Prevent Fire Onboard your Vessel through Good Housekeeping

Fire on board a vessel is perhaps a boat-owner’s worst nightmare – and good housekeeping goes a long way towards prevention.

Following a fire aboard a vessel at Waikawa Marina in late summer, we thought it timely to highlight ways of reducing the risk of fire and explosion on board your vessel. The vessel concerned had an inboard petrol engine, and had just finished refuelling. The launch was fitted with a good blower ventilation system. But unbeknown to the owner, a vent from the fuel tank had corroded and allowed fuel vapours to enter the bilge. Ready to move away from the fuel berth, the skipper started the engine and this triggered a significant explosion. Two passengers were seriously injured and the launch suffered significant damage.

  • The engine, it’s associated electrical and fuel systems and the exhaust system of your vessel are principle fire dangers.
  • Consider fitting both bilge blowers and gas detectors in the bilge.
  • Fit drip trays beneath the engine and gear box to catch any fuel or oil and prevent it from collecting in the bilges.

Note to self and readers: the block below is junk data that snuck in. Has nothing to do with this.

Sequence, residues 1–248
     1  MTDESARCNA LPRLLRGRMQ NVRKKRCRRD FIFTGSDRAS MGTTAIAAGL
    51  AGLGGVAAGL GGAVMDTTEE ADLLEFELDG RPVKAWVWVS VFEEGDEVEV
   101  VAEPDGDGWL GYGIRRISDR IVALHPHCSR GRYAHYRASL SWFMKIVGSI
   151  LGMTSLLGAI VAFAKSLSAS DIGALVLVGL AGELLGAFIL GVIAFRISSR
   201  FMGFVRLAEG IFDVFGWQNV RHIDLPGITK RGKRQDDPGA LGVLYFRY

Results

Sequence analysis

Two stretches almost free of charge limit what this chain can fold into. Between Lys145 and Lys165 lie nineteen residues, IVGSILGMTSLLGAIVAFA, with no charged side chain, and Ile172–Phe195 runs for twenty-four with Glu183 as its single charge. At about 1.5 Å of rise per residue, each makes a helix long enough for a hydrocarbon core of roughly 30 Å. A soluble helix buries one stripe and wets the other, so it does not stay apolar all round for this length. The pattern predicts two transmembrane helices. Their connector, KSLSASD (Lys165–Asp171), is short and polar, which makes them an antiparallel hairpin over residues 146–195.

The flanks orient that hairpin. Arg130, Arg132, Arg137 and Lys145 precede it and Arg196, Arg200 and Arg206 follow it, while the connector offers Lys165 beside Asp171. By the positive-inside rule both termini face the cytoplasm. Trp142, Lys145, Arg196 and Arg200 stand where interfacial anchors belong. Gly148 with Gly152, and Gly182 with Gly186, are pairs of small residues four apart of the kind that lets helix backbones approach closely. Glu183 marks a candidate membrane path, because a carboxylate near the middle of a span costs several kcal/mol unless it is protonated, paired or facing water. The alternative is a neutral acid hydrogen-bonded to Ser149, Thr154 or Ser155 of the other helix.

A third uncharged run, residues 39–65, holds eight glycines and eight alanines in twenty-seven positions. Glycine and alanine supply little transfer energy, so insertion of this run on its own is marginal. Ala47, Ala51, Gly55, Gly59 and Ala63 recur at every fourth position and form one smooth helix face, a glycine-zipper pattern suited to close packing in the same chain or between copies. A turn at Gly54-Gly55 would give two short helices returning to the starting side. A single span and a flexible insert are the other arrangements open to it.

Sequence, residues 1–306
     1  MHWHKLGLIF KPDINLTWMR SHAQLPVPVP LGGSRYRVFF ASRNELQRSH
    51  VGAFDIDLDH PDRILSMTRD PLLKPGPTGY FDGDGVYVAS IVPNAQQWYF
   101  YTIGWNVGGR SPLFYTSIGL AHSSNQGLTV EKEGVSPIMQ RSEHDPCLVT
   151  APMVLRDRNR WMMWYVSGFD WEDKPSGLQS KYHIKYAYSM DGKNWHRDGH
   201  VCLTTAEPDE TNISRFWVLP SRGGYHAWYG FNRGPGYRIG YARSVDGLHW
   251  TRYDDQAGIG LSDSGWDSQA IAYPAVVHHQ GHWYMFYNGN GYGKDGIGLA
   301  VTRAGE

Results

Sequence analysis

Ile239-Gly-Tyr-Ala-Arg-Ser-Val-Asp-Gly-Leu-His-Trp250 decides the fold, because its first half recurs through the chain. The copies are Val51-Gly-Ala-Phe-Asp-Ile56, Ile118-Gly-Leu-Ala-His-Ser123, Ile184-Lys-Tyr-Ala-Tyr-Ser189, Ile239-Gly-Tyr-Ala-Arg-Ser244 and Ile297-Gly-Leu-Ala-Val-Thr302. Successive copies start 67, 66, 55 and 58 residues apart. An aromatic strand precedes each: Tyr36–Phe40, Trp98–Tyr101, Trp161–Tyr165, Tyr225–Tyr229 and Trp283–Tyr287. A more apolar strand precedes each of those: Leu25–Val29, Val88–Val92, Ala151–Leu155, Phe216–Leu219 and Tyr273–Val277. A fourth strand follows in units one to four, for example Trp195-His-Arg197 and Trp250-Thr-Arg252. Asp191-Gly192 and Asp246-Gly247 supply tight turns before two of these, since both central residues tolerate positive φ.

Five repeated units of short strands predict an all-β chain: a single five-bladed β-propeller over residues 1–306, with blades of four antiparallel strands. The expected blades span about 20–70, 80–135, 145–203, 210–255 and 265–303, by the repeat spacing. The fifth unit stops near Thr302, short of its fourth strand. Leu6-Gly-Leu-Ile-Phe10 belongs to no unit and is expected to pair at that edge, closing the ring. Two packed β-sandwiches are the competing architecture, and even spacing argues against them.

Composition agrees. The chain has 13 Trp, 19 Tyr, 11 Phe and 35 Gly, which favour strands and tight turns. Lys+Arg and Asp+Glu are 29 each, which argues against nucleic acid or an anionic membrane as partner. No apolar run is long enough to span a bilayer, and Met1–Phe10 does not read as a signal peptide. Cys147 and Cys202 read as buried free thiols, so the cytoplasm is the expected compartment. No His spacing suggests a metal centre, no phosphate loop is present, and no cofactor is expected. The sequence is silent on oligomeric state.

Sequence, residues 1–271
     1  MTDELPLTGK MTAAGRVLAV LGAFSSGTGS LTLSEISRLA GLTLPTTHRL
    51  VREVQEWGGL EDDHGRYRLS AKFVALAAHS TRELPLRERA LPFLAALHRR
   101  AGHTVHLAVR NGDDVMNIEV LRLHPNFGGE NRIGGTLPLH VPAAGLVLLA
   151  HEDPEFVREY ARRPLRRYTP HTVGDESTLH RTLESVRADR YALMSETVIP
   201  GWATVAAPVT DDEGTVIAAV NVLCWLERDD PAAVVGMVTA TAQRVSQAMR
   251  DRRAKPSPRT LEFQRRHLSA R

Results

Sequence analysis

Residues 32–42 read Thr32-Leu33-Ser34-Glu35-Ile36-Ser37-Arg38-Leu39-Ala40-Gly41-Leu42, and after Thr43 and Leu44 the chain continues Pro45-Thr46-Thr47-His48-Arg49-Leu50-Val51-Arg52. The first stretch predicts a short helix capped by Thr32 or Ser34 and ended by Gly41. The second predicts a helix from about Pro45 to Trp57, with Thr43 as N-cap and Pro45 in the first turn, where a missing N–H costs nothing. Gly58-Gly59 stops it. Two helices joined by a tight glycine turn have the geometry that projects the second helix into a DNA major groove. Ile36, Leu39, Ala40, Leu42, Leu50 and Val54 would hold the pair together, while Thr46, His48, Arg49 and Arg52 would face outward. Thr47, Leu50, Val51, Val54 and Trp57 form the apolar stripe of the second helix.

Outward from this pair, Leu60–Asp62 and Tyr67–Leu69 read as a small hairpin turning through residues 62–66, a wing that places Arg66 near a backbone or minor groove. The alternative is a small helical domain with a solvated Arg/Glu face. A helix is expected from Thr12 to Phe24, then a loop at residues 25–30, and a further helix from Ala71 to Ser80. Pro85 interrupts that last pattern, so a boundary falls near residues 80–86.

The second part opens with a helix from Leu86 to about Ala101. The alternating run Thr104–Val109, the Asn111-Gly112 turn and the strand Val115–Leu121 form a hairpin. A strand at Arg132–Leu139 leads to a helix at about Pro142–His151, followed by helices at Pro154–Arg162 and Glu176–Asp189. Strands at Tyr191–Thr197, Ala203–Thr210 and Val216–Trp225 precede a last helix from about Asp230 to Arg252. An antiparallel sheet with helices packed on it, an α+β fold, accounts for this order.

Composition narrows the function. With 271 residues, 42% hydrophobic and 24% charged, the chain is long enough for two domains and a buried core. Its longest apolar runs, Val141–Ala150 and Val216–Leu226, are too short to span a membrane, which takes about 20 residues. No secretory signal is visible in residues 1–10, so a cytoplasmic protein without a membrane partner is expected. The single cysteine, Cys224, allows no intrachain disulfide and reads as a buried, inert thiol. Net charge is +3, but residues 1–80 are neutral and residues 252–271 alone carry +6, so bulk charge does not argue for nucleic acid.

• Install guards around all rotating engine parts including the shaft to avoid oil being picked up and sprayed around.
  • Regularly inspect the bilges in the engine space and the drip trays for fuel, oil or rubbish.
  • There must be at least one isolating valve between the fuel tank and the engine, in case of a broken fuel line or an outbreak of fire and to allow filters to be changed.
  • Frequently check all tanks, fuel lines, valves and connections for signs of movement, looseness and corrosion. If a tank or fitting is corroded, don’t patch it up – replace it.
  • All fuel lines should be well secured and made of approved materials. Flexible lines should be heavy-duty and metal braided.
  • Run all fuel lines well clear of the electrical system.
  • Protect the area around the engine so that oil does not permeate woodwork and create a fire hazard.
  • Fit flame arresters to carburettor intakes and fuel vents.
  • Don’t use petrol or kerosene for cleaning in the engine space.
  • Keep all exhaust pipework clear of woodwork or bodywork that is liable to catch fire. Lag pipes to reduce heat transfer.
  • Keep your electrical system and batteries in safe working condition, and check for chaffing and signs of burning.
  • Dispose of oily rags – they can and do spontaneously combust.
  • Carry an appropriately sized fire extinguisher, and service it once a year.

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